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4 Myths About Job Hunting During A Recession

Man writes something down as he looks for a job during a recession
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The COVID-19 crisis has sent the economy into a recession and impacted numerous careers. Although people are naturally on edge right now, it's important to know that while searching for a job during a recession isn't easy, it's not impossible.


As a result of the COVID-19 crisis, millions of people quit their jobs or were laid off by their employers, and many are still struggling to find a job. There are record levels of competition for open positions. If you want to stand out to employers, you need to be prepared for the job search process.

Here are four common myths about the job search process during a recession, and what you should do to land a job in hard times.

Myth #1: No One Hires During A Recession

Businesses are always hiring!

There are some businesses that are greatly impacted by recessions that will reduce staff and implement hiring freezes, and others that will slow their hiring, but in general there's always some need to hire people as a result of vacancies and retirements. In addition, there are some industries that continue to do well in a recession.

However, while businesses are still hiring during a recession, the job competition will be greater and you'll need to work harder to market yourself as an employee worth hiring. There are multiple ways you can make yourself a better candidate. This includes finding ways to upskill, networking, improving your resume, and writing a disruptive cover letter.

Myth #2: No One Will Hire You After Getting Laid Off

Business woman takes a minute to compose herself after being laid off during the recession.

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Layoffs are a fact of life and businesses realize that.

But from a competition standpoint being laid off puts you at an initial disadvantage. Layoffs are common during a recession. This increases competition because of the number of people in the job market in need of work.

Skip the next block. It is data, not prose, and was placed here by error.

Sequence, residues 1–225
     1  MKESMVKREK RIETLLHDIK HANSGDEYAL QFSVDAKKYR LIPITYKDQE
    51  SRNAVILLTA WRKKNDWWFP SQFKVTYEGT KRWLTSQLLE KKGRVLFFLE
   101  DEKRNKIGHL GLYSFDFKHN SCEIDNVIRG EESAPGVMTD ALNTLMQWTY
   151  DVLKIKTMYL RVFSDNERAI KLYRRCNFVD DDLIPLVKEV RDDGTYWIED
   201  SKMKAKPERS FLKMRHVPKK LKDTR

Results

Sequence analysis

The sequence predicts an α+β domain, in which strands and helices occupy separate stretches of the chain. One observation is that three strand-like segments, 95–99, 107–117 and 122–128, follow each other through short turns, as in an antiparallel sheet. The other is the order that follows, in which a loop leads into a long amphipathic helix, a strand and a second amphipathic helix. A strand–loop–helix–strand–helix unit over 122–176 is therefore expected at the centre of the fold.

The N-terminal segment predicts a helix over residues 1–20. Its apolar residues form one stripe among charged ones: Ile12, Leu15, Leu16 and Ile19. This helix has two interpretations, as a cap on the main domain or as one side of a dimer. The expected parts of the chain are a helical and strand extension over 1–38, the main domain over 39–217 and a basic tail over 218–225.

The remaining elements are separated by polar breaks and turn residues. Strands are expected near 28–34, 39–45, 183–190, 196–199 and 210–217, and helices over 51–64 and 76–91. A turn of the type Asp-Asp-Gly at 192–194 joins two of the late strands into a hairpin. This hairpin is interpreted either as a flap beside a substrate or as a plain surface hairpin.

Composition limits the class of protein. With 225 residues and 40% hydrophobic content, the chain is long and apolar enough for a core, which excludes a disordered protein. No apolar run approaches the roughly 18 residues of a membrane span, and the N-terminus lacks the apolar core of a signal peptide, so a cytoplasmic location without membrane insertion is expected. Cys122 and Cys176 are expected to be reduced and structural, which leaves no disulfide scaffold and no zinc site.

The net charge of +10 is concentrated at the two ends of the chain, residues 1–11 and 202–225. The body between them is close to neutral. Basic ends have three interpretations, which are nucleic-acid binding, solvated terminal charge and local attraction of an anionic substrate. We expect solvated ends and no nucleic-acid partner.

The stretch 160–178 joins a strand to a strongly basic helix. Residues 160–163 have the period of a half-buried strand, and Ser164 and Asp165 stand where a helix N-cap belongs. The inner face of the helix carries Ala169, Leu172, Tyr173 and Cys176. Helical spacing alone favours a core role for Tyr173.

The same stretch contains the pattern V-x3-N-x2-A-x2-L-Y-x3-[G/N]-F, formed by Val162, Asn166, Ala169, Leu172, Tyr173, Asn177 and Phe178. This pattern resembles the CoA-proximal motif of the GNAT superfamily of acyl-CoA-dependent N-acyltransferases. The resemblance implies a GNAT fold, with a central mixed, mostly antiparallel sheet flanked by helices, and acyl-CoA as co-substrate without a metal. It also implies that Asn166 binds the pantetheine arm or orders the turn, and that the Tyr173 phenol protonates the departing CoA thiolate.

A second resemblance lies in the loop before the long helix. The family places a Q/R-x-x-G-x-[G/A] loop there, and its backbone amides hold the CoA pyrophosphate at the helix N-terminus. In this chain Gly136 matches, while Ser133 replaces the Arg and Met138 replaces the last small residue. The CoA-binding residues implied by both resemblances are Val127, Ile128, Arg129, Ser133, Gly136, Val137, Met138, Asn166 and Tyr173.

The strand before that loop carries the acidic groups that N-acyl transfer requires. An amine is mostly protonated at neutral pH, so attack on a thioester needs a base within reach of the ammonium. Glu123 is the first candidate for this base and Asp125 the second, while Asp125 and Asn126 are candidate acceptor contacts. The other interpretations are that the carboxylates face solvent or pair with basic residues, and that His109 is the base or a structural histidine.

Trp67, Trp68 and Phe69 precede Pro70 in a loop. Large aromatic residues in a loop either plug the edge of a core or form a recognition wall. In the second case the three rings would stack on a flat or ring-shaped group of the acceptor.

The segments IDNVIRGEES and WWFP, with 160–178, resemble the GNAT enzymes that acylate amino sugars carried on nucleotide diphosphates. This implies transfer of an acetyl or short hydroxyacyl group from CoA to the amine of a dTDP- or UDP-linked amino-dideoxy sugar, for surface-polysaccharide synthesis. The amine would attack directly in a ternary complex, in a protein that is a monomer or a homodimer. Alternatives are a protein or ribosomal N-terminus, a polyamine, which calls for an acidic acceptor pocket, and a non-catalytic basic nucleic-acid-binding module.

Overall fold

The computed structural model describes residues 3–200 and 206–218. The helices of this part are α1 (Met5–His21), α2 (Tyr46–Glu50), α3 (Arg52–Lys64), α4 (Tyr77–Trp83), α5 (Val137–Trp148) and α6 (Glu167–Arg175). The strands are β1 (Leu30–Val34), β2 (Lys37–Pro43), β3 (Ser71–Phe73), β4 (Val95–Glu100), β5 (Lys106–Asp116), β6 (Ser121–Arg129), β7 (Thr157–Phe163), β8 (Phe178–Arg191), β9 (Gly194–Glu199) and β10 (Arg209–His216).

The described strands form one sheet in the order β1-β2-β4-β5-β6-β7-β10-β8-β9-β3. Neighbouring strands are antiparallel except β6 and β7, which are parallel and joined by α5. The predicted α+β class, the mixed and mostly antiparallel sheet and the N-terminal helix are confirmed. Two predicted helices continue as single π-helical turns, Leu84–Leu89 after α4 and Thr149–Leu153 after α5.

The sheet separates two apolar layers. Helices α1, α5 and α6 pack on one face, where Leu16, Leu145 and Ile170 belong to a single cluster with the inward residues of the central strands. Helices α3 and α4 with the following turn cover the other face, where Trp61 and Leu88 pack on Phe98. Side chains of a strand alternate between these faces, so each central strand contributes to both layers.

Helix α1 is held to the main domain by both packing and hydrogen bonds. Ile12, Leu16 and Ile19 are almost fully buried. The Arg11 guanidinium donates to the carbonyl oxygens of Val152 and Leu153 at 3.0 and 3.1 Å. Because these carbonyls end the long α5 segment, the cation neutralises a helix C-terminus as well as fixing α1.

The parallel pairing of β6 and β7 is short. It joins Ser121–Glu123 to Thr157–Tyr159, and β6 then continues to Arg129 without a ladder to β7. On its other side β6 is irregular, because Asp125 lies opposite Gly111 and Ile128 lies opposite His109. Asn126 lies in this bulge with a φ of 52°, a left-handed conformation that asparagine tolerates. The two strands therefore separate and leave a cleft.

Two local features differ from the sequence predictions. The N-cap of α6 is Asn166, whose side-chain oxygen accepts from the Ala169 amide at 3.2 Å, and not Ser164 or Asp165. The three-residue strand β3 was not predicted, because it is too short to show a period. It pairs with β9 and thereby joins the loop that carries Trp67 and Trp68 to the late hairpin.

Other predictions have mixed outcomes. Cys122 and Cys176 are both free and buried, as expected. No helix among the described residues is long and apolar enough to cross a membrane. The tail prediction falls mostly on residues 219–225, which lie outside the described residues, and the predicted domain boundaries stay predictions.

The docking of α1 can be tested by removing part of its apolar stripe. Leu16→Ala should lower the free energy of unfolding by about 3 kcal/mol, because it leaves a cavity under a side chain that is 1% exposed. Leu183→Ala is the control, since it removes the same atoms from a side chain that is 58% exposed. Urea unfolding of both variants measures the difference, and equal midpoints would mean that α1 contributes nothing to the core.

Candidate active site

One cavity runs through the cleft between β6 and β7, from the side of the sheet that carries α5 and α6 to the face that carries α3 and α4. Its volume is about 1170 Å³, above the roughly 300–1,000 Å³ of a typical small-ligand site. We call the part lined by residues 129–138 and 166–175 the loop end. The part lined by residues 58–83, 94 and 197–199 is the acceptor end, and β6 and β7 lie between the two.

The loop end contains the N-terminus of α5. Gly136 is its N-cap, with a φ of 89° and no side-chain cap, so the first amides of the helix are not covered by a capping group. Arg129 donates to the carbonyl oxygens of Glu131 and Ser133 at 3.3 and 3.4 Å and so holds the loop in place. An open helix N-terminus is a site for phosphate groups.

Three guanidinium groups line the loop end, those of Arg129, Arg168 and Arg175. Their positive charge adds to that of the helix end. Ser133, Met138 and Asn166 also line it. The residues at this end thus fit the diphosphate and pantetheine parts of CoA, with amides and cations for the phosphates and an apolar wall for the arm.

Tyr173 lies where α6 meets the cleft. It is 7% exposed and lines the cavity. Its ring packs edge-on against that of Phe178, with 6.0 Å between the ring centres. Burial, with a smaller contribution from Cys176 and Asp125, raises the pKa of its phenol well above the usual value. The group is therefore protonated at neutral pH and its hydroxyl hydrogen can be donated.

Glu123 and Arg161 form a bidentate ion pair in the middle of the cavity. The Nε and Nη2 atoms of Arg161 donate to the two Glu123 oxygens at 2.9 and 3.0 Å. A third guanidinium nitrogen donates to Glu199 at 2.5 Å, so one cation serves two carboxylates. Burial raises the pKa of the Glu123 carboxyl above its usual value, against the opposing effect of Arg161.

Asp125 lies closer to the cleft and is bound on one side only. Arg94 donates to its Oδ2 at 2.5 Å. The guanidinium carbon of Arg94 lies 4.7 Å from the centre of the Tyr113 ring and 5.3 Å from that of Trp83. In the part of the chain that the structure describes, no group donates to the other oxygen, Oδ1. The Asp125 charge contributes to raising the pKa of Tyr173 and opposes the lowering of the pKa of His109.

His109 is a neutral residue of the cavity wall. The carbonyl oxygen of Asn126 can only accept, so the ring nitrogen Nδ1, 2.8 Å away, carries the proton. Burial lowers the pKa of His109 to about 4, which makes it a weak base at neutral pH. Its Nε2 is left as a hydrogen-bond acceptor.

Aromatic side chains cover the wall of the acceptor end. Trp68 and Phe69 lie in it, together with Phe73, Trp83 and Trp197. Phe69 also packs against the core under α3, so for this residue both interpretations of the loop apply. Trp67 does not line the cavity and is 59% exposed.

If you're laid off, you have to work even harder to market yourself to potential employees. But at the same time, you don't want to come across as too desperate. Like with any job search, do your research and leverage your professional network whenever you can.

You may also want to consider which industries are still hiring during the recession and taking a job in one of those industries to hold you over. There's no shame in working outside of your desired industry. There may even be benefits to it.

Given the circumstances of COVID-19 and the recession, future employers will understand the career detour.

Myth #3: If You're Over 50, You Won't Get Hired

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Age discrimination is a topic that comes up from time to time but in reality it's actually called experience discrimination.

People over the age of 50 are staying in the workforce a lot longer but have to compete with millennials and Gen Z that make up more than half of the workforce. These younger generations are highly skilled, tech savvy, and a lot cheaper to employ.

This means that anyone over 50 looking to get hired needs to work even harder to get noticed. You need to clearly understand and sell what it is that you do well (your specialty). You also need to invest in yourself and be willing to upskill whenever you can.

Myth #4: You'll Have To Take Less Money

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Finding a job during a recession doesn't mean an automatic pay cut!

Recession or not, you should prepare for a typical salary negotiation process. Do your research and have an idea of the competitive rate for the position you're pursuing.

If you've settled on a salary range, be ready to prove to the company why you would be worth the investment. You can do this by demonstrating why you'd be a valuable asset to the company and how your unique skills/experiences will make you the best fit for the role.

It always comes back to marketing yourself.

Recessions come and go and we will get through this one! Recession or not, one thing about the job search process remains true—you have to work hard and be your own best advocate.

Need more help with your job search?

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This article was originally published at an earlier date.

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